that encourage, engage and enrich."
etiquette  Jeffrey_Zaslow  discretion  scuttlebutt  Socrates  public_decorum  gossip  think_threes  grace 
january 2010 by jerryking
Managing: Six ways to be a team player
April 16, 2007 G&M column by Harvey Schachter in which John Szold outlines 6 tips to becoming a team MVP.

Be approachable: When someone asks for help, no matter how trivial the task may seem to you, it's important to him or her. Treat them with respect. Avoid sighing, eye rolling or other negative reactions.

Be responsive: Often, we're so focused on the tasks we need to accomplish that we put off a colleague's request for help. You shouldn't be expected to drop what you're doing, but you should offer a date or time when you can accommodate the request.

Improve your communication skills: Make sure people understand you -- and if you're not sure, ask: "I'm not sure if I said that clearly. What's your understanding?" When listening, make a conscious effort to really "hear" what's being said, rather than simply formulating your response.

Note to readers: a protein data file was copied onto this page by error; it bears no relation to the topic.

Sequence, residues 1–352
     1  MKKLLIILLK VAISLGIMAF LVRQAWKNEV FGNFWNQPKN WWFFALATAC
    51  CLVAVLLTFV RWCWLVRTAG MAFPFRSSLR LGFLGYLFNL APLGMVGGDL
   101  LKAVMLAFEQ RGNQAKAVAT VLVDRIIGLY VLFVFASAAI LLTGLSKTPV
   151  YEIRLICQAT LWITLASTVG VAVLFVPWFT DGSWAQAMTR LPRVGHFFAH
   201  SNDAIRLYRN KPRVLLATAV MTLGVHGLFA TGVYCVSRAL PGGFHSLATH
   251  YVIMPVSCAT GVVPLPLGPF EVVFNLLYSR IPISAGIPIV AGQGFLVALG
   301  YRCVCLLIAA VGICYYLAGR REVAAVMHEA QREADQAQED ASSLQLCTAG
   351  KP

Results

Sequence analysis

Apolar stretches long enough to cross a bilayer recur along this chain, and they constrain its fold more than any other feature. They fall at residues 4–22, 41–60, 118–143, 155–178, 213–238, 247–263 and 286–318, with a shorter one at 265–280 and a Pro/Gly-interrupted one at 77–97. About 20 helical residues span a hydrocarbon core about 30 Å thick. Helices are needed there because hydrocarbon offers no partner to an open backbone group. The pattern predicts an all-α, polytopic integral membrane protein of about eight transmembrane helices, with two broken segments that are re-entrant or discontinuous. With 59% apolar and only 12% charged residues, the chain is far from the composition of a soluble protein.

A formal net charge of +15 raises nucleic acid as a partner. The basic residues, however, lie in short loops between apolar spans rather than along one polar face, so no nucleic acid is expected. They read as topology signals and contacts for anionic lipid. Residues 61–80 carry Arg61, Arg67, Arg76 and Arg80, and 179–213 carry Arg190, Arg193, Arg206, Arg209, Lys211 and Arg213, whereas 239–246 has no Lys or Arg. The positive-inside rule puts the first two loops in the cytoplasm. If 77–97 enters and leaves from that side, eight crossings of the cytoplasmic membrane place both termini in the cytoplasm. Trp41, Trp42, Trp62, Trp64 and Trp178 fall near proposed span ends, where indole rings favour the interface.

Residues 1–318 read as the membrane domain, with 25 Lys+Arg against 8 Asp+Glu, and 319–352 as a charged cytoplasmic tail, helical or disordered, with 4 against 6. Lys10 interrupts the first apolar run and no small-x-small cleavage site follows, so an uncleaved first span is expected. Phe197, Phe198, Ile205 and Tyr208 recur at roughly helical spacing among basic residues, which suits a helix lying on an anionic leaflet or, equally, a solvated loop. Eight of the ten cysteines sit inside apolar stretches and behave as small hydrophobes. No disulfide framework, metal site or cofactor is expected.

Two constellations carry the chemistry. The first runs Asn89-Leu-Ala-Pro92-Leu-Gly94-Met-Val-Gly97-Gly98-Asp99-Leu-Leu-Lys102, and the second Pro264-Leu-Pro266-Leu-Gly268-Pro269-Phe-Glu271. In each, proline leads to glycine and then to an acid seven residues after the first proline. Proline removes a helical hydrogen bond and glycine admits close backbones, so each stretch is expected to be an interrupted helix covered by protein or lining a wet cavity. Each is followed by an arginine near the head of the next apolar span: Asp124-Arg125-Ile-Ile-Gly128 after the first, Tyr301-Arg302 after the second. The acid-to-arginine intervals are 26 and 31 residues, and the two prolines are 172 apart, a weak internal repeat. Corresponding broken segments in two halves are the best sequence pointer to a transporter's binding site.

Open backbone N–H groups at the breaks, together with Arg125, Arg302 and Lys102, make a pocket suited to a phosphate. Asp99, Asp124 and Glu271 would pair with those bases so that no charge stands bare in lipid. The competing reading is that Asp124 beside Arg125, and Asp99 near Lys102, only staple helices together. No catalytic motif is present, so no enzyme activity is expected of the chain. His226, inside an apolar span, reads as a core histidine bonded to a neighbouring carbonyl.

Establish and maintain trust: Avoid gossiping. Nothing upsets an office dynamic like anger and distrust.

Share what you know: If you hold back because you want sole credit for an idea, you are doing yourself and the group a disservice.

Put the team first: If you find yourself thinking, "What's in it for me?" reposition your thinking by asking, "What's in it for the team?" No one person is more important than anyone else.
approachability  body_language  clarity  Communicating_&_Connecting  generosity  gestures  gossip  Harvey_Schachter  indispensable  listening  Managing_Your_Career  responsiveness  serving_others  teams  tips  trustworthiness 
january 2009 by jerryking

Copy this bookmark:





to read